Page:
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A brief history of the Southern Ute Drum

The Southern Ute Drum rolls off the Farmington Daily Times printing press in New Mexico, Feb. 12, 2009.
Photo Credit: Jeremy Wade Shockley | The Southern Ute Drum

Thursday, May 9th of this year marks the 50th anniversary of the Southern Ute Drum. Since its first publication in 1969, the Southern Ute Drum has continued to provide a newspaper for the tribal membership and the surrounding Ignacio area. The Drum, for many individuals, has become a “legacy” of the Southern Ute Tribe by meticulously documenting current tribal history and milestones throughout the years.

For many individuals looking back at the Drum is a nostalgic reminder of events of the past like countless Bear Dances, powwows, tribal fairs, meetings, Tribal Council inaugurations and many other events. These events are also nostalgic because they allow us to remember those tribal members who have passed on. The Southern Ute Drum is history for the Tribe and its members, but it also has a history itself. Very few know the entire story but it can be pieced together by looking carefully at its pages and talking with those who were there throughout the decades.

By the early 1900’s, newspapers were the most popular form of media to get your news. Within La Plata county three newspapers existed after the year 1910: The Durango Herald, The Bayfield Blade and The Ignacio Chieftain. The Ignacio Chieftain was first published in 1910 and is often a very sentimental memory for many elders. Its “iconic” flag shows a picture of the chief wearing a war bonnet along with the massive script for the newspaper’s name. Not much is known about the origin of the newspaper other than it was a family owned business.

For a time, The Chieftain was published in Ignacio weekly and was an important lifeline for the community because the newspaper featured coverage of events within Ignacio and Bayfield. It had a section dedicated to the school lunch menu, and a column that was close to a “personals” section. Within these “personals” sections, families and individuals would highlight what is going on in their life. As an example: “Mr. and Mrs. ‘Smith’ visited their daughter Jane and her husband Clarke on Monday in Durango.” For many younger individuals, this type of column seems out of place, but for those living in the area during 1950’s, it made sense. This column, in some cases, was one of the best ways to keep in contact with others in a predigital age.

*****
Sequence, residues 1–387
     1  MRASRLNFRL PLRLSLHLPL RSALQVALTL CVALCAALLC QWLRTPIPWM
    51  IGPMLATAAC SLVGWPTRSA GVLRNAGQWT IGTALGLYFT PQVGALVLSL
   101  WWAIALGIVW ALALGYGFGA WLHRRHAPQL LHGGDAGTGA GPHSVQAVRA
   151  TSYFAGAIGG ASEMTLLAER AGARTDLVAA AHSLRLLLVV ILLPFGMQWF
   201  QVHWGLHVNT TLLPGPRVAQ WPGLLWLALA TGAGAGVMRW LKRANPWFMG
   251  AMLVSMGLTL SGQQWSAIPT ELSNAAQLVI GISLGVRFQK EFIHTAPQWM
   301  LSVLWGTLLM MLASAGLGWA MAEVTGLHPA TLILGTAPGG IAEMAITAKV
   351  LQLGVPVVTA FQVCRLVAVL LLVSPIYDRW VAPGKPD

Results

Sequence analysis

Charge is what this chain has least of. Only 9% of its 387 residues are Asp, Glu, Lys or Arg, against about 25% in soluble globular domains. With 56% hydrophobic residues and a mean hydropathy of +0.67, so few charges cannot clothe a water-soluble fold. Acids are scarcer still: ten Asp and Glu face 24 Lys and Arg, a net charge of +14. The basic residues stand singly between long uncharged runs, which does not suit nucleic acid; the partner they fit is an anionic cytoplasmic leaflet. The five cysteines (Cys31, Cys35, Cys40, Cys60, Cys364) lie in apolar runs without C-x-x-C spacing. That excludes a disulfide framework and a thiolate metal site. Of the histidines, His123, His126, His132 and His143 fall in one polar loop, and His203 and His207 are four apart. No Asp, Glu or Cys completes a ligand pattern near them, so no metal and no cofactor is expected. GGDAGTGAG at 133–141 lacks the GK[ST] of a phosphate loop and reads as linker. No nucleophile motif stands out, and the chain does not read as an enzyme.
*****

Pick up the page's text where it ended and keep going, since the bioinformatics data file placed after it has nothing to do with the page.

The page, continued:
The Ignacio Chieftain continued to publish and provide for the Ignacio and Bayfield communities into the mid-1970’s when it ceased production. By this time, The Southern Ute Drum had become fully established as a formal paper dedicated to the Southern Ute Indian Tribe beginning in 1969.

The idea of getting a newspaper for the tribe started as early as 1954 when the idea was proposed by Bob Bennett to Dr. James Jefferson while he was stationed in Virginia during his military career.

“I was told by Bennett that the Tribe should start a newspaper,” said Jefferson. “And so, I wrote a letter to the Tribal Council and the Council started the ‘Drum.’”

The newspaper at that time was a small newsletter operated by Eddie Box Sr., and little is known about the newsletter other than it operated in a small capacity. In 1969, the formal Southern Ute Drum newspaper was developed, and Dr. Jefferson became the first editor of the paper. The paper operated in the Tribal Affairs building with a hand press that was operated by Dr. Jefferson himself. Jefferson would print notices and ads for the tribe.

By 1972, Charles Trimble, a member of the Lakota Sioux tribe, received a grant to develop the Native American Press Association. The Drum was one of the early members of the association with Dr. Jefferson as the president of the association.